JAP-101 ELEMENTARY JAPANESE I (4)
Fundamentals of spoken and written Japanese. Development of reading, writing, speaking and listening skills with emphasis on the development of conversational fluency in sociocultural contexts.
JAP-102 ELEMENTARY JAPANESE II (4)
Continuation of Japanese 101
Prerequisite: JAP-101 or equivalent
JAP-201 INTERMEDIATE JAPANESE I (4)
A continuation of elementary Japanese, focusing on the further development of oral proficiency, reading and writing skills.
Prerequisite: JAP-102 or equivalent
JAP-202 INTERMEDIATE JAPANESE II (4)
A continuation of Japanese 201
Prerequisite: JAP-201 or equivalent
JAP-205 KOTOBA TO BUNKA: LANGUAGE IN JAPANESE CULTURE AND SOCIETY (4)
By analyzing sociocultural factors evident in the language, the course aims to gain insight into social hierarchy, interpersonal relationships and Japanese way of thinking in this country that possesses one of the greatest influential forces on American youth culture today.
HIS-113 INTRODUCTION TO JAPANESE HISTORY (4)
A survey of Japanese cultural, literary and institutional history from ancient times to the present.
HIS-114 INTRODUCTION TO ANCIENT AND MEDIEVAL CHINESE HISTORY (4)
This course is a general survey of ancient and medieval Chinese history, from antiquity to roughly 1700 A.D. Topics include the origins of Chinese civilization, the establishment of the empire, and the economic and social development through the middle empires.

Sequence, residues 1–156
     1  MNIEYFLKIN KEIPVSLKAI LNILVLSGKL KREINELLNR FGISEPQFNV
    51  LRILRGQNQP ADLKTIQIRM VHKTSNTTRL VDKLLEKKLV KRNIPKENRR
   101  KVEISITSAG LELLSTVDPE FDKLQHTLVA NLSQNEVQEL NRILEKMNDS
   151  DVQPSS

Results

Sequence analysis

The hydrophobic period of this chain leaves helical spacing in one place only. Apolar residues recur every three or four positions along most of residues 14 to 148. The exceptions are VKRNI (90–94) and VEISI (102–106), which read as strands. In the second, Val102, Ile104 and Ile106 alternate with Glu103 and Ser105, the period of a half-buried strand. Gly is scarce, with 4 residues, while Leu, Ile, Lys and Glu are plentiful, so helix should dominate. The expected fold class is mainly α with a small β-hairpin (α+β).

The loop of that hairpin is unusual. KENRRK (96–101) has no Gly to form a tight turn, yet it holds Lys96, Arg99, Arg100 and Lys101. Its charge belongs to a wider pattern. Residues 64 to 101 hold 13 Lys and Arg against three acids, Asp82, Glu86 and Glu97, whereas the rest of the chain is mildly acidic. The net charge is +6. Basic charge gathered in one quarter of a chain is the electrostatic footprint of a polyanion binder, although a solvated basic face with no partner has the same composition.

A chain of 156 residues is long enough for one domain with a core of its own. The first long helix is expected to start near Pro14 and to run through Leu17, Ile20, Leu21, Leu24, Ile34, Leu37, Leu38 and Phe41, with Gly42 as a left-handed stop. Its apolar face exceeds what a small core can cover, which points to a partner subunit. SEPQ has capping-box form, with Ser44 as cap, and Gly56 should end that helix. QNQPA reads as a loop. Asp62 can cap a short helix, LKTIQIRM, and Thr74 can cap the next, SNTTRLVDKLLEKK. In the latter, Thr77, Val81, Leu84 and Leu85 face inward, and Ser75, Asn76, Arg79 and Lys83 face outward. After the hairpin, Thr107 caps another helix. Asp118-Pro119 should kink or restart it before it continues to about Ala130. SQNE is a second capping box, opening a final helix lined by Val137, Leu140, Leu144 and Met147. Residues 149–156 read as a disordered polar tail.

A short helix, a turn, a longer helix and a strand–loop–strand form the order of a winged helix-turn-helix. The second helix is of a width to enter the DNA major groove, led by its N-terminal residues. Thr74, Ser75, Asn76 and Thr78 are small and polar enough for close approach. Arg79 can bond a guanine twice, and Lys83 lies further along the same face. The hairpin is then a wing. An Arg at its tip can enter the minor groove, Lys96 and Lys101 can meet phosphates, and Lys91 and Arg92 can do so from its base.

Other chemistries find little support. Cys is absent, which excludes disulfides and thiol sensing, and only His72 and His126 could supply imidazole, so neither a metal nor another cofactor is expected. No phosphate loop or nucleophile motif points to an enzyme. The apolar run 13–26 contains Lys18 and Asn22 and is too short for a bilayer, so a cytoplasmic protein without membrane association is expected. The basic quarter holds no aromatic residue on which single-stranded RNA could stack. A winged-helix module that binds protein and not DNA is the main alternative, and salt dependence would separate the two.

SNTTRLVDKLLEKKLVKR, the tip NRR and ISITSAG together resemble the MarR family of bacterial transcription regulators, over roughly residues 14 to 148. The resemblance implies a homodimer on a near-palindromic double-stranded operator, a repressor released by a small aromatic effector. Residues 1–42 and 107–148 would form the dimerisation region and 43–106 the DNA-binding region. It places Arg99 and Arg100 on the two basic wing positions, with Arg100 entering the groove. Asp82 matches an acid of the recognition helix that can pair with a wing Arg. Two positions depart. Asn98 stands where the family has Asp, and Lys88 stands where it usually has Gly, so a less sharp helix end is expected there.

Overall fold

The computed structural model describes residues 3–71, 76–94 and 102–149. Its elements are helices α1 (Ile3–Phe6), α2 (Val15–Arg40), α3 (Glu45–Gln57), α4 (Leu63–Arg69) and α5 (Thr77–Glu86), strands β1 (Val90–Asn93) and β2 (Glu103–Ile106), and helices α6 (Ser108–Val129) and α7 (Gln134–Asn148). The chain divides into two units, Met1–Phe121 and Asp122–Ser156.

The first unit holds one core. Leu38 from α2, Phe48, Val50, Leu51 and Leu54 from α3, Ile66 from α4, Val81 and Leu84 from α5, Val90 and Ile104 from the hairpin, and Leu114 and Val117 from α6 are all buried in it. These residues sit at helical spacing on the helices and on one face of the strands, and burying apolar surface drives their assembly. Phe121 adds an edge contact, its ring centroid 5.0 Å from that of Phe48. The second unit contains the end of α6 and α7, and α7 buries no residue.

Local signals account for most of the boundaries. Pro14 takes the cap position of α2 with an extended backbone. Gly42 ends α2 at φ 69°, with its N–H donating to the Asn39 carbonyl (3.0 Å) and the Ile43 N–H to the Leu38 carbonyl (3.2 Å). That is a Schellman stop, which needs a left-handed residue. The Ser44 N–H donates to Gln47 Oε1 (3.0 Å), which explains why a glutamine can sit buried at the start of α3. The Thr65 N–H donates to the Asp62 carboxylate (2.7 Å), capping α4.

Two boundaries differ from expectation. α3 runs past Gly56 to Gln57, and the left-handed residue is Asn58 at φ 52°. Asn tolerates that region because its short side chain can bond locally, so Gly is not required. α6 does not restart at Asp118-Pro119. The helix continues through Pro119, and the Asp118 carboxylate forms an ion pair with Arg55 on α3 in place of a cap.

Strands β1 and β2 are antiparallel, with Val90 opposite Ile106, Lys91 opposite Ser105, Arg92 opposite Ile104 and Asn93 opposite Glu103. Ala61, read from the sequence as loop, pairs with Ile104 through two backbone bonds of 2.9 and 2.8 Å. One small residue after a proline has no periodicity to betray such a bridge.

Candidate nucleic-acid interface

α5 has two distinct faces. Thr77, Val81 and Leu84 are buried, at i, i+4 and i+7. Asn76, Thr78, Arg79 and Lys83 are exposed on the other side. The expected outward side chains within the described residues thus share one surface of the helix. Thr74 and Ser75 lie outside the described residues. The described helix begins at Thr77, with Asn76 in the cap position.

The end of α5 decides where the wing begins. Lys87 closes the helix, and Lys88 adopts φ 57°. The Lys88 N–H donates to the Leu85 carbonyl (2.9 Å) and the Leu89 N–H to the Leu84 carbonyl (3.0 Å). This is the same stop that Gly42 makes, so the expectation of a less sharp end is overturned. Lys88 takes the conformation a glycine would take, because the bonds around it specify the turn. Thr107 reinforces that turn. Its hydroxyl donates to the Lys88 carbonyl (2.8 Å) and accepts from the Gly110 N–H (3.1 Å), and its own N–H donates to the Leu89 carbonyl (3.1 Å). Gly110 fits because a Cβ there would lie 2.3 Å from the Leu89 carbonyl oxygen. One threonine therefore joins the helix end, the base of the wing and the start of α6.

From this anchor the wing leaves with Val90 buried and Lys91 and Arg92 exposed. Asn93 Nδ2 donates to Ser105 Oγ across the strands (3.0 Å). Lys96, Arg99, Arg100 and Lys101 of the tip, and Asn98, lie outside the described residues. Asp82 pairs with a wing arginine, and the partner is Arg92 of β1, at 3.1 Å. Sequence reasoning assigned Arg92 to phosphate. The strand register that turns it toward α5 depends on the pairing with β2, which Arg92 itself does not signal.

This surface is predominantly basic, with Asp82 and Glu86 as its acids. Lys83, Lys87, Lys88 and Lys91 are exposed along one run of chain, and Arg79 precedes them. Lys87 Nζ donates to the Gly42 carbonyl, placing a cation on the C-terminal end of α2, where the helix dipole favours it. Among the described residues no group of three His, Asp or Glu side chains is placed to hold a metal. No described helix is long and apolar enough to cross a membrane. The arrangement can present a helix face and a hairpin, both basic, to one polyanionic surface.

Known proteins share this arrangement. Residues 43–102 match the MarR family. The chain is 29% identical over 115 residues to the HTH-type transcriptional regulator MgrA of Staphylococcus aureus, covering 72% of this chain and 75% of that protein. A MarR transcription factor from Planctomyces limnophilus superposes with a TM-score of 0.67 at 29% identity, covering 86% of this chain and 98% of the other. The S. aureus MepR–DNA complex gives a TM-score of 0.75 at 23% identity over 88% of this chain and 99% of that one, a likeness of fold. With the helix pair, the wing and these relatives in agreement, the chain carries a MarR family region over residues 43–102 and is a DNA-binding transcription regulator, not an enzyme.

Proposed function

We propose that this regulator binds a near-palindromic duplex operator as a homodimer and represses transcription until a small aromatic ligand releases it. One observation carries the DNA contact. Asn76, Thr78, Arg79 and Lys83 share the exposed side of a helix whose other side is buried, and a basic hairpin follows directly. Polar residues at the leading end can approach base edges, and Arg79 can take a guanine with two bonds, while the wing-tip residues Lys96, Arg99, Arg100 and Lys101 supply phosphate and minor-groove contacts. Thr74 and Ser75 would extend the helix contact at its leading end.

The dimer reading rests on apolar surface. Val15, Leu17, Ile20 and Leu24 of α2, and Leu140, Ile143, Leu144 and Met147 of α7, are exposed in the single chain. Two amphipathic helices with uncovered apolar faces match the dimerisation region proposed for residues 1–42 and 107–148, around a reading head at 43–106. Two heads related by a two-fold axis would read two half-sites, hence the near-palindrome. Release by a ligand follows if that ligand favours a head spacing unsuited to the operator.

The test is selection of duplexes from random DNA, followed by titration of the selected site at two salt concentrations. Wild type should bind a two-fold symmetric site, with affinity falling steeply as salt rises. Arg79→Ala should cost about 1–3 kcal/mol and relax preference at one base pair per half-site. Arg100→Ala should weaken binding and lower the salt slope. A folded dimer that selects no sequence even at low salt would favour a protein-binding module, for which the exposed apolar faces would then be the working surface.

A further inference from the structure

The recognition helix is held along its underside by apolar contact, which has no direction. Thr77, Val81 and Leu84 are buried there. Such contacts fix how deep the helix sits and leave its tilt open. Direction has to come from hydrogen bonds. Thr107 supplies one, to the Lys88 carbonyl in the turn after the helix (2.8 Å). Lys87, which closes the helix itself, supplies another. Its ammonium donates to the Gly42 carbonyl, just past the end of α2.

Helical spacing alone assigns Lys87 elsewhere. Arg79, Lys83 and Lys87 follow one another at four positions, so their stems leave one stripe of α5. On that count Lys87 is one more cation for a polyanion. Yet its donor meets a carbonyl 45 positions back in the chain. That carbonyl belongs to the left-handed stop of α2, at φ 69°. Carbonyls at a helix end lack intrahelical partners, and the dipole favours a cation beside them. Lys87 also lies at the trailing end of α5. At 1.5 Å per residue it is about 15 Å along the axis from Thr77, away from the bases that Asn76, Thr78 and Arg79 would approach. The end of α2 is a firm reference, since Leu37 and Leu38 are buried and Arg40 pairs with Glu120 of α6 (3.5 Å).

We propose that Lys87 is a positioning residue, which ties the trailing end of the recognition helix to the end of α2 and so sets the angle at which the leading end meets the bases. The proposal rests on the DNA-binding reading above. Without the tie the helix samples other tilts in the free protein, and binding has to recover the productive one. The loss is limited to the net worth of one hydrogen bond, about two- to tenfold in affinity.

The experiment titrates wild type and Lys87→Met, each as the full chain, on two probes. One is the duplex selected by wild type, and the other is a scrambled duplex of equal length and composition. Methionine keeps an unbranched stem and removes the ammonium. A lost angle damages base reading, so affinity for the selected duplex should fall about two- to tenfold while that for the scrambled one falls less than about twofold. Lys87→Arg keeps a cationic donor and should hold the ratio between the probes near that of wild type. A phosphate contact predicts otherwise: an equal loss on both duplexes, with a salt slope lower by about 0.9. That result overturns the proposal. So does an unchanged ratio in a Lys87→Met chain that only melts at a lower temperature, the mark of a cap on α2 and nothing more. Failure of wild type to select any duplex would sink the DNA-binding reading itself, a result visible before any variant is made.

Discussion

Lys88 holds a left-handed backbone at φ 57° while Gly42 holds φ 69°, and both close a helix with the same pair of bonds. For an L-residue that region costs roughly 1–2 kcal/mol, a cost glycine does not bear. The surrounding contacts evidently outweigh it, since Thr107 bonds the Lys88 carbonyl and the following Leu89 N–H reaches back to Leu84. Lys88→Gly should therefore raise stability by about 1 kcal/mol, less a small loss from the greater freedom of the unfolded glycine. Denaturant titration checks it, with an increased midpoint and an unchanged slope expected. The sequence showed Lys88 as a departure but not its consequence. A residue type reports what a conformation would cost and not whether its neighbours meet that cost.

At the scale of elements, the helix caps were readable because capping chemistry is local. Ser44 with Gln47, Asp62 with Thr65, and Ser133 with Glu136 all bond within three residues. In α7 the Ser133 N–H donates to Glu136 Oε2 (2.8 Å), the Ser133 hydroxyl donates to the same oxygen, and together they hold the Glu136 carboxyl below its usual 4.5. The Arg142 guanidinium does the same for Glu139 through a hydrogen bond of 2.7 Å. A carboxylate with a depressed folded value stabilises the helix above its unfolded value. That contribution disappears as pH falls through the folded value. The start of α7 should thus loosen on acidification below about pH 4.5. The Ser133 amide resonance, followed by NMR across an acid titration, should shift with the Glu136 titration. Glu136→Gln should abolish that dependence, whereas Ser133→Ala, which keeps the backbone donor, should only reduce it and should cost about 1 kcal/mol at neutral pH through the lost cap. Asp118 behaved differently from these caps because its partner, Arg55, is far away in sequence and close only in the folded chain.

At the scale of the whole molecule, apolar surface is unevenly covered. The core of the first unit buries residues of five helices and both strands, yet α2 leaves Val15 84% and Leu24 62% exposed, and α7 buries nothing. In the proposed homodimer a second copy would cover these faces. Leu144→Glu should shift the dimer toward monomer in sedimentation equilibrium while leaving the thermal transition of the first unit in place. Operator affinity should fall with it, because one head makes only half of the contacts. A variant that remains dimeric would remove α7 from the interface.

HIS-115 INTRODUCTION TO MODERN CHINESE HISTORY (4)
This course surveys the major social, intellectual and political developments in China from the Opium War of 1839 to the present. Themes include the fall of imperial China, the Chinese revolutions, post-Mao reforms and contemporary Chinese social issues.
HIS-230 THE VIETNAM WARS (4)
An examination of the origins, expansion, and consequences of the Vietnam War from Vietnamese and American perspectives. Topics include French colonialism, the rise of nationalism in Vietnam, the responses to imperialism, American foreign policy and the “wars” at home.
HIS-352 THE CHINESE REVOLUTIONS (4)
A study of the complex sociopolitical crises of modern China, including an evaluation of the revolutions and their impacts on recent Chinese history; particular focus on the Republican Revolution of 1911, the Communist Revolution of 1949 and the Cultural Revolution.
HIS-354 CHINESE WOMEN ON FILM: HISTORY AND THE CINEMATIC IMAGINATION (4)